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Are You Active Enough at Work? The Answer Might Surprise You

You’ve probably been told to get 150 minutes of moderate exercise a week to live a long, healthy life. But did you know that even ten minutes of exercise a day could be lifesaving? A new study shows that if adults over 40 added at least ten minutes of moderate physical activity to their daily routines, more than 110,000 U.S. deaths could be prevented every year.

Busy schedules and physically tiring jobs can create a barrier to regular exercise, however physical activity is crucial to staying strong and healthy. Exercise reduces blood pressure and blood sugar, helps us sleep better, improves our mood and energy levels, promotes mobility and flexibility and reduces our risk of premature death.

The Occupational Physical Activity Paradox

If you work a manual labor job, you might think you’re already meeting your exercise goals. This is unfortunately not always the case. Studies have shown that leisure time physical activity (LTPA) – exercise performed outside of work – and occupational physical activity (OPA) have opposite effects on your risk for cardiovascular disease and early death. While high levels of leisure activity substantially decrease your risk for major cardiovascular events (such as heart attack or stroke) and promote longevity, high levels of occupational activity are associated with increased risk of early death. These relationships are independent of other factors like socioeconomic status, lifestyle or health conditions.

The problem is not all physical activity is equal. When exercising, we should aim to vary activity, allow recovery time and raise our heart rate for fitness and health benefits. Occupational activity often isn’t intense enough to do that. A leisure-time brisk walk, for example, raises your heart rate and aerobic capacity. On the other hand, OPA often includes prolonged heavy lifting and rigid movements that may be tiring, but don’t increase heart rate enough to promote cardiovascular fitness. Some research also suggests OPA doesn’t allow for sufficient recovery time between shifts, leading to fatigue. The nature of occupational activity not only puts the body at risk for injury, but can also cause a prolonged increase in blood pressure, which increases risk for cardiovascular disease.

This may sound like bad news for construction laborers, but some research suggests these risks can be offset by increasing cardiovascular fitness with moderate aerobic exercise outside of work and other lifestyle adjustments. Employers can also try to mitigate the risks of high occupational activity by reorganizing activities on the jobsite, for example by rotating workers through workstations to achieve a healthy combination of standing, lifting and bending throughout a shift.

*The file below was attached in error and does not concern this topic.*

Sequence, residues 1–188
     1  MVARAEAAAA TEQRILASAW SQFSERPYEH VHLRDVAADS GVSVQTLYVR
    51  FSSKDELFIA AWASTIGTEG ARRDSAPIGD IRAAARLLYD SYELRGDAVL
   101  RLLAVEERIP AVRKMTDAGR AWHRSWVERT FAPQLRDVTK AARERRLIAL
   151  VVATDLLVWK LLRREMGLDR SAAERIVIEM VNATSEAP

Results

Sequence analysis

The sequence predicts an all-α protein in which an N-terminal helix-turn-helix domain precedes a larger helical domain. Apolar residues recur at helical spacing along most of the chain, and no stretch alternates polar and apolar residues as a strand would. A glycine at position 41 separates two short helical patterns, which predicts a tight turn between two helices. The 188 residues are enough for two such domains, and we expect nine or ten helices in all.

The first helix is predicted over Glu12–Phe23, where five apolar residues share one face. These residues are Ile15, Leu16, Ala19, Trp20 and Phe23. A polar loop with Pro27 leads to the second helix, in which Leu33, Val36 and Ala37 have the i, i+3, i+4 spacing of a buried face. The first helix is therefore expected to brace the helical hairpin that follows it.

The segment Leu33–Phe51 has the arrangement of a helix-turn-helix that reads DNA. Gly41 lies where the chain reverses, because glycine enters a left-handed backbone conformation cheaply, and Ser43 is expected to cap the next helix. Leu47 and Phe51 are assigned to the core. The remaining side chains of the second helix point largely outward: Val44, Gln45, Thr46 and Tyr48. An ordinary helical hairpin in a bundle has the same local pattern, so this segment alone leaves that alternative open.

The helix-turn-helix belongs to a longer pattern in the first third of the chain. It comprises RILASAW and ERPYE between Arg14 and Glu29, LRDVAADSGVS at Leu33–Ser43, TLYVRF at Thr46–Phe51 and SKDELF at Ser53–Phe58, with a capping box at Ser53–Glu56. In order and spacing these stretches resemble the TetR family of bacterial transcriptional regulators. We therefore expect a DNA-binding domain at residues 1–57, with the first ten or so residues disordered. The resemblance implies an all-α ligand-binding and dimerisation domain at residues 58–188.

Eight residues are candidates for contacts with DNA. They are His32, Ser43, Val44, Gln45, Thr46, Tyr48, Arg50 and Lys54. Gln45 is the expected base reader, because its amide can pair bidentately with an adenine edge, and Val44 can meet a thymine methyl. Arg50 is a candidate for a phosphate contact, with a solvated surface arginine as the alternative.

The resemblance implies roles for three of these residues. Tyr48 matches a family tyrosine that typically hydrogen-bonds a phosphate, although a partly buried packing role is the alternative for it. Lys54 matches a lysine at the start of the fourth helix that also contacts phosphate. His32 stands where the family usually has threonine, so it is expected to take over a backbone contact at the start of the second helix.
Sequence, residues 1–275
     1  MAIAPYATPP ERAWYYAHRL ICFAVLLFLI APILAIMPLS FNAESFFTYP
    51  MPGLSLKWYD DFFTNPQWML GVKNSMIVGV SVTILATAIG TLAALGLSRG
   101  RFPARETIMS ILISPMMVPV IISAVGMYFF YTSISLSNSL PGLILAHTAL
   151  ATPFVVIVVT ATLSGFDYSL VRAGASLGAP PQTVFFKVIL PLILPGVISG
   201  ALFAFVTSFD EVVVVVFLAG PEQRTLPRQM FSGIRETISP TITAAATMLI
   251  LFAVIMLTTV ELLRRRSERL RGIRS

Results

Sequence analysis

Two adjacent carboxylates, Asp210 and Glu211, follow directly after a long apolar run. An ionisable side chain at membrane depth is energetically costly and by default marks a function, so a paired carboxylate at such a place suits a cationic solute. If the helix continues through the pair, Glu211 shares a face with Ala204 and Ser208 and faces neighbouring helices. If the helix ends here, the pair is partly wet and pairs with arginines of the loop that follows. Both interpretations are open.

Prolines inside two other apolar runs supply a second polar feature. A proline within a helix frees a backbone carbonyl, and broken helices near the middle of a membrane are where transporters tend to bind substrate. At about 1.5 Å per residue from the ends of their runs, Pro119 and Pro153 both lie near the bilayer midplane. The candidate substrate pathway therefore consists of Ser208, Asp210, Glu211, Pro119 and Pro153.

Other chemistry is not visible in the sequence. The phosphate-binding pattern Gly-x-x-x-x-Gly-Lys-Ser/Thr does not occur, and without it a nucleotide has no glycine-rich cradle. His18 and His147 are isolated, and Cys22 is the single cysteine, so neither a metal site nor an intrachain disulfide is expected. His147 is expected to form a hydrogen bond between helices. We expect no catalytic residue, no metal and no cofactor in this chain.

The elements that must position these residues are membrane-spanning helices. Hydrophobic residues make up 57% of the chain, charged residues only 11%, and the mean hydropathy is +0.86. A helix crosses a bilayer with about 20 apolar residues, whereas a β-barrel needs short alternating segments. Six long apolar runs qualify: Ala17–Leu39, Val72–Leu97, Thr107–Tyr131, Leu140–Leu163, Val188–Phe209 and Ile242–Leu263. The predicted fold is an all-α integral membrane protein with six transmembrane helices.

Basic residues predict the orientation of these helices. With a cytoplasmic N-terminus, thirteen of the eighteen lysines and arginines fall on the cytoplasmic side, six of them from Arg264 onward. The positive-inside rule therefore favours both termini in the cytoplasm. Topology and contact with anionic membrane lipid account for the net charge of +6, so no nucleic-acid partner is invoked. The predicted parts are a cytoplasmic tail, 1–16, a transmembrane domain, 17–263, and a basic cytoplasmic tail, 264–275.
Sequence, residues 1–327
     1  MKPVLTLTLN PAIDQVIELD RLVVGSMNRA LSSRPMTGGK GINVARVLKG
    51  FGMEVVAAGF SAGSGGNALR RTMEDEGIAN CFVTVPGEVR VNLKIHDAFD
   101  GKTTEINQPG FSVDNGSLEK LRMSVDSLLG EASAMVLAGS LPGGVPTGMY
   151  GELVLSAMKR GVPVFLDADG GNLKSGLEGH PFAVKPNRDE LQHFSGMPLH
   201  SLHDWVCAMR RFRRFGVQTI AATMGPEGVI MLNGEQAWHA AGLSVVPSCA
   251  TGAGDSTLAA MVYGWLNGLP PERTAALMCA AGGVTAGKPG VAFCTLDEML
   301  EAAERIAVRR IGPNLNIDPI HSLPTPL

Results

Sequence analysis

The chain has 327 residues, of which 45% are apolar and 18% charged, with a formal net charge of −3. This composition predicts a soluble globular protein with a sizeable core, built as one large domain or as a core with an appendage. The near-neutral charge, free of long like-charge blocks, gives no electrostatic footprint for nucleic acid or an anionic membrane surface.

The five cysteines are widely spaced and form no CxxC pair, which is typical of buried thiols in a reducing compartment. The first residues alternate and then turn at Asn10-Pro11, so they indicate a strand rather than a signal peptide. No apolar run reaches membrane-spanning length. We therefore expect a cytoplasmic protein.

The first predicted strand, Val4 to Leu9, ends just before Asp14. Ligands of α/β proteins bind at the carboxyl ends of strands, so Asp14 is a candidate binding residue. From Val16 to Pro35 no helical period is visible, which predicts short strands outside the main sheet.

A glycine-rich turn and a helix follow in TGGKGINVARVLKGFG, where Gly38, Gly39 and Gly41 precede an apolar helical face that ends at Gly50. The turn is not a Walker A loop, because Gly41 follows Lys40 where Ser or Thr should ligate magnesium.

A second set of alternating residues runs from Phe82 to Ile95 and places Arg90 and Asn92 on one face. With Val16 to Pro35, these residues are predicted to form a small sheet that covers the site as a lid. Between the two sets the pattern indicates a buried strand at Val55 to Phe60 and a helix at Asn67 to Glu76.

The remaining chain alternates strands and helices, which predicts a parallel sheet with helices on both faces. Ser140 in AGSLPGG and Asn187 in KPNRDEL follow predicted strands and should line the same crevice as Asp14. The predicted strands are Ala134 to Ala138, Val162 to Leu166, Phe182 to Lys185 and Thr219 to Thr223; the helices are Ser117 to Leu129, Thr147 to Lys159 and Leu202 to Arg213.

Making Physical Activity Work for You

The idea of working out after a long shift on your feet or after taking care of your other daily tasks may seem daunting, but these new findings can change how we approach our physical activity goals and make them more manageable.

Tracking your steps and heart rate using a pedometer or fitness-tracking watch is a good starting point, especially for those with physically demanding jobs who may not know exactly how much exercise they’re getting at work. These tools can help you assess your daily activity level and from there, you and your doctor can decide how much additional exercise is right for you. Moderate-intensity exercise is any activity that raises your heart rate to 64-76 percent of its maximum rate. So if you’re logging 20 minutes in this target zone at work, you may only need to add ten minutes of exercise after hours to meet the CDC guidelines and reap the benefits.

Here are some ways you can get your moderate activity throughout the day:

  1. Walk: Walking at a brisk pace (fast enough where you can talk, but can’t sing) is one of the best and simplest ways to exercise. It requires no equipment, is low-impact on your joints and can be done at all levels of fitness.
  2. Dance: Dancing may not even feel like exercise, but getting your body moving to just three or four songs can bring you to your ten-minute goal easily.
  3. Bodyweight exercises: Find a sequence of movements that work your upper body, lower body and get your heart beating faster. This could be pushups, squats and jumping jacks, just to name a few.
  4. Chores: Activities like vacuuming, mopping, washing your windows and mowing the lawn can all get your heart pumping, with the added benefit of killing two birds with one stone!

Everyone can benefit from just ten minutes of intentional exercise a day, even those who work manual labor jobs. Aiming for the CDC guideline of 150 minutes of moderate exercise a week is ideal, but any activity that improves your cardiovascular fitness is better than none at all, and can make a big difference in your health.

[Hannah Sabitoni]

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